Bobby Jindal Takes A Beating

(CBS)
The big story Tuesday night, of course, was Barack Obama's address to a joint session of Congress. But almost as interesting to political junkies was what came immediately afterward: The response from Bobby Jindal, the Louisiana Governor being pushed as the new face of the Republican Party and a leading contender for the party's presidential nomination in 2012.

What was meant to be a coming out celebration on the national stage, however, turned to something far different for Jindal: The governor, who has been well received in other public forums, was almost universally panned. And an address that was expected to generate momentum for a possible 2012 run instead resulted in questions about whether the 37-year-old governor is really ready for prime time. (You can watch and read Jindal's speech in full here.)

Many of the most stinging barbs came from Jindal's ideological brethren. Consider these comments from a Fox News panel right after the speech:

  • "This was not Bobby Jindal's greatest oratorical moment."
  • "The delivery was not exactly terrific."
  • "I think he had a really poor performance tonight…it just came off as amateurish."
  • "Even the tempo in which he spoke seemed like sing-song, and he was telling stories that seemed very simplistic, and almost childish."
  • "He tried the best he could."

    Then there was the response from center-right New York Times columnist David Brooks, who said this:

    To come up at this moment in history with a stale, government-is-the-problem, we can't trust the federal government – it's just a disaster for the Republican Party. The country is in a panic now. They may not like the way the Democrats have passed the stimulus bill, but the idea that government is going to have no role, that the federal government has no role in this, in a moment when only the federal government is big enough to actually do stuff – to just ignore all that, and just say government is a problem, corruption, earmarks, wasteful spending, it's just a form of nihilism. It's just not where the country is. It's not where the future of the country is.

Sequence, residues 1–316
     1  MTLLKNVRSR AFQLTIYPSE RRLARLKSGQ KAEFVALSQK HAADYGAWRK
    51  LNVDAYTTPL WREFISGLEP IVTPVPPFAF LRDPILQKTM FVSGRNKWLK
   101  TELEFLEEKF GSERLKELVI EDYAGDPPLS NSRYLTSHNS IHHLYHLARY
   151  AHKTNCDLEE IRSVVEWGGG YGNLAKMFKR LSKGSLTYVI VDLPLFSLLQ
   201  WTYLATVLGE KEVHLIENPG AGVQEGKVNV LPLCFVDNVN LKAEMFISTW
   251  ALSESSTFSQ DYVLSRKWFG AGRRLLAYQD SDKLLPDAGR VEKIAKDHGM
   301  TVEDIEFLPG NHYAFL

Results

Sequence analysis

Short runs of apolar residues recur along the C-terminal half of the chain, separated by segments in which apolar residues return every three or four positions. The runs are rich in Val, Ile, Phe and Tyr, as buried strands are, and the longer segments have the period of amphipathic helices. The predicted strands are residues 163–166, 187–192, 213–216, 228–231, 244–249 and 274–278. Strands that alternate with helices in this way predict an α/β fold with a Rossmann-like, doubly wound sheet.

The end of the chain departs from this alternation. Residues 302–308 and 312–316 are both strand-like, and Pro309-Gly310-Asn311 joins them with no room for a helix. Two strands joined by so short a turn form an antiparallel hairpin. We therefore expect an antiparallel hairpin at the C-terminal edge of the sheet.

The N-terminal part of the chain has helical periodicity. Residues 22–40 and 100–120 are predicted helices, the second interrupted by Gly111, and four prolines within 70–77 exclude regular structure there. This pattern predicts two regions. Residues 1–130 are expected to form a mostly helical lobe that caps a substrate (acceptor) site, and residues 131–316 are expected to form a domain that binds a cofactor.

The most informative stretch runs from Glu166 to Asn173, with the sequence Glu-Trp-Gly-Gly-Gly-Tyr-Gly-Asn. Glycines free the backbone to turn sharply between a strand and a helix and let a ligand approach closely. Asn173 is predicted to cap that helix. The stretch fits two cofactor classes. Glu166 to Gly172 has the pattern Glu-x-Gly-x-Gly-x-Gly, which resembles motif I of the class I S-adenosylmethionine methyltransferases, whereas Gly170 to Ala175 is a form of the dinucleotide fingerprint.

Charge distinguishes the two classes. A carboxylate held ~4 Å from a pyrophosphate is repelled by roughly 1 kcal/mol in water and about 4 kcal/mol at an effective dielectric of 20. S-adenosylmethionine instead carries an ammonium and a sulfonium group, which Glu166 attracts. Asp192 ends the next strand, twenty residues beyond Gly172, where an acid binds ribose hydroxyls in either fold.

…I think it's insane. I just think it's a disaster for the party.
    And while one might not expect much support for a Republican response from liberals like MSNBC's Rachel Maddow, the unvarnished disdain from the left that greeted Jindal's effort went far beyond the usual criticism.

    (AP Photo/MSNBC, Ali Goldstein)
    Here's Maddow: "Honestly, the Republican response to Barack Obama's first State Of The Union was to invoke government failure during Katrina as a model for how to move forward as a country. I know that I am paid to talk for a living, I am incapable of doing what I am paid to do right now. I am absolutely stunned."

    Her MSNBC colleague Chris Matthews was more direct in his assessment of Jindal as he emerged to give the speech: "Oh, God."

    State Of The Union responses often fall flat – the speaker is following the grand spectacle of a dramatic speech to Congress, punctuated by applause and standing ovations, with an awkward, audience-free address directly to a camera – but the strength of the negative response to Jindal's effort is almost unprecedented.

    (More often then not, these responses are endured and quickly forgotten. Remember commerce secretary nominee Gary Locke's 2003 effort? Didn't think so.)

    As Republican political strategist David Johnson pointed out in the New York Times today, Jindal was to some extent the victim of high expectations, since Republicans are desperately "looking for a voice to lead them out of the wilderness."

    Nonetheless, he admitted, "it was a flop."

    (AP)
    The Louisiana governor even managed to anger a seldom-heard lobby: The volcano-adjacent. Jindal identified a $140 million appropriation for volcano monitoring as an example of wasteful spending in the Obama-backed stimulus package, prompting Royce Pollard, the mayor of Vancouver, Washington, to point out that the people of his town take volcano monitoring quite seriously.

    "Does the governor have a volcano in his backyard?" Pollard asked. "We have one that's very active, and it still rumbles and spits and coughs very frequently."

    Jindal still has one prominent defender: Conservative radio host Rush Limbaugh, who said, the day after the speech, "I love Bobby Jindal, and that did not change after last night." (He did acknowledge, however, that "I never heard the media, both sides, conservative and liberal, dump on a response like they did last night.")

    Criticism of the governor has even seeped into pop culture: Following Jindal's speech, a number of people took to the internet to proclaim the similarity between Jindal and Kenneth The Page from the NBC sitcom "30 Rock." And now "Kenneth" has responded, saying Jindal "sounds like a real goober…natorial representative."



    It remains to be seen to what degree the fallout from Jindal's response will impact his standing among Republicans. But as Sarah Palin can tell you, getting mocked by a "30 Rock" cast member probably isn't going to help.

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